2009 CPEO Brownfields List Archive

From: Lenny Siegel <lsiegel@cpeo.org>
Date: Fri, 9 Oct 2009 16:07:10 -0700 (PDT)
Reply: cpeo-brownfields
Subject: [CPEO-BIF] Edible Cities: Urban Farming in Indianapolis, Indiana
Edible Cities: Urban Farming in Indianapolis

Bob Hersh
September, 2009

In many cities, particularly those in the Midwest and the rust belt, planners and community groups are concerned less with Smart Growth than with what some have called "Smart Decline," the need to plan for "shrinking cities." One indicator of a shrinking city is the prevalence of vacant land within city boundaries. For example, in 2003, even before the recent wave of foreclosures, one out of every thirty homes in Indianapolis, Indiana - about 6,000 properties - were vacant or abandoned. More recent data suggests the number of vacant residential structures in the city is likely to have increased three fold, to 18,000, while some 4,000 industrial and commercial properties have been abandoned as well.

This phenomenon of shrinking cities is playing out in other parts of the country. Detroit, Cleveland, St. Louis, Youngstown, Buffalo, and Pittsburgh each have lost roughly half of their residential population in the past fifty years. Deindustrialization explains part of this exodus. But the roots of this phenomenon are more complicated. Changes in transportation, mortgage financing, tax policy, and zoning practices, as well as domestic tastes for larger lot sizes and larger houses, have created the vast network of suburbs that ring our cities. In addition, land use policies have extended supply chains with the help of our highway systems, leaving people further from their workplaces, manufacturers further from their customers, and farmers further from their markets. Food products, for example, typically travel between 1,500 and 2,500 miles from farm to plate.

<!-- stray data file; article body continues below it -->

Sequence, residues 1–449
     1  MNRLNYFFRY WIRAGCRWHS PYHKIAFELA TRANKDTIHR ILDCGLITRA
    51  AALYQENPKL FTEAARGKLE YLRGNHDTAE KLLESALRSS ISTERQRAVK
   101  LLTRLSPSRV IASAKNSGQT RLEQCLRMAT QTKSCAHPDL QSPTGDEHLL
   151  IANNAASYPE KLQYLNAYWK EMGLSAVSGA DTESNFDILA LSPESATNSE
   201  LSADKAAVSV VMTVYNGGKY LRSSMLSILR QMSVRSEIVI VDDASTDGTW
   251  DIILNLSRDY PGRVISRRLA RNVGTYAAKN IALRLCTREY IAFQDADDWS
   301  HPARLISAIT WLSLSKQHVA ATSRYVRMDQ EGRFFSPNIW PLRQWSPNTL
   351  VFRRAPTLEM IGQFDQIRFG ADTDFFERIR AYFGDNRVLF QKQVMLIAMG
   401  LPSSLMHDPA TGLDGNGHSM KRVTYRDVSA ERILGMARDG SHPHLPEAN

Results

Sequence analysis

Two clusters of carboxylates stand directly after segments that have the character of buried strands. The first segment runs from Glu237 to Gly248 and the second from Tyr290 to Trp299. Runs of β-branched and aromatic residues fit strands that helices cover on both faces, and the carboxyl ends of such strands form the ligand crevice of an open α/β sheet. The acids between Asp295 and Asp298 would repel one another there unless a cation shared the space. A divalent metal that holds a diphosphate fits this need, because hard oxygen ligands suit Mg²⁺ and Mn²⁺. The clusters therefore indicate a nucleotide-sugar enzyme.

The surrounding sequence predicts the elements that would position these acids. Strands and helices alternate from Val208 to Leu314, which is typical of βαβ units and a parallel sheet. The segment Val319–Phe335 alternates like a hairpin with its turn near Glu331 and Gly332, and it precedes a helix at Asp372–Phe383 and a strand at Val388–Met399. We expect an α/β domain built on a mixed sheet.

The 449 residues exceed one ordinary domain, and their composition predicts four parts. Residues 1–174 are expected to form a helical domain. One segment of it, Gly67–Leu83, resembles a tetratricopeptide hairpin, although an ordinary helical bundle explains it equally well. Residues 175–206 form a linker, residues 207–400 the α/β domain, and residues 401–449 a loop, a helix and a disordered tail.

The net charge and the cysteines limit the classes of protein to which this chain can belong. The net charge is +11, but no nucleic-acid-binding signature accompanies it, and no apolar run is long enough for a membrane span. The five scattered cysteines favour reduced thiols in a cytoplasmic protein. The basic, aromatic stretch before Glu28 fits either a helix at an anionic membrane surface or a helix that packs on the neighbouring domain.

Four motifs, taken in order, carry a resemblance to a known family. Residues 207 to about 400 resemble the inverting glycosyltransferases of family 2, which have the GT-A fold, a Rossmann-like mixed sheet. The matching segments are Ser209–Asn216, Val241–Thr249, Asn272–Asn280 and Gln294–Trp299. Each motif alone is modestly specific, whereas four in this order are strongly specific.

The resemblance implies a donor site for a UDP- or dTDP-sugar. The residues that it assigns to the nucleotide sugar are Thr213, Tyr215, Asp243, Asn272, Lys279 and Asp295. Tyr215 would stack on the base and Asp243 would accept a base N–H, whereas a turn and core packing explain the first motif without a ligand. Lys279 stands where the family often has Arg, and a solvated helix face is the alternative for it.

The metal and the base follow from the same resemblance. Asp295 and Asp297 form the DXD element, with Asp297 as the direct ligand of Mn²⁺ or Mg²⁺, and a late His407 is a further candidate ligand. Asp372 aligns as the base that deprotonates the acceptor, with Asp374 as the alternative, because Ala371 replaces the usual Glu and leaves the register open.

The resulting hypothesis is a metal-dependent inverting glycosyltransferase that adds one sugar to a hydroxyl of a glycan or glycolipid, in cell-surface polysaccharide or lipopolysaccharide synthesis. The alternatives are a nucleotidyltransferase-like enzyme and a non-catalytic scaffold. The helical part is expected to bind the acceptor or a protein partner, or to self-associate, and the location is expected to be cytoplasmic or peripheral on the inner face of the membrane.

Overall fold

Faced with surplus land and weak markets for real estate development, cities such as Indianapolis have begun to consider a strategy of "re-localization," where developing local food systems can help extract value from the city's portfolio of vacant and abandoned properties. This policy brief considers why urban agriculture can be a means to build community assets, particular in poorer, inner-city neighborhoods. It describes how and why in Indianapolis this strategy has begun to emerge, how urban farming policies attempt to build on the city's community garden efforts, and what challenges community groups, advocates for urban farming, and local government officials have encountered.


To download this 8-page, 2.5 MB PDF, go to


Lenny Siegel
Executive Director, Center for Public Environmental Oversight
a project of the Pacific Studies Center
278-A Hope St., Mountain View, CA 94041
Voice: 650/961-8918 or 650/969-1545
Fax: 650/961-8918

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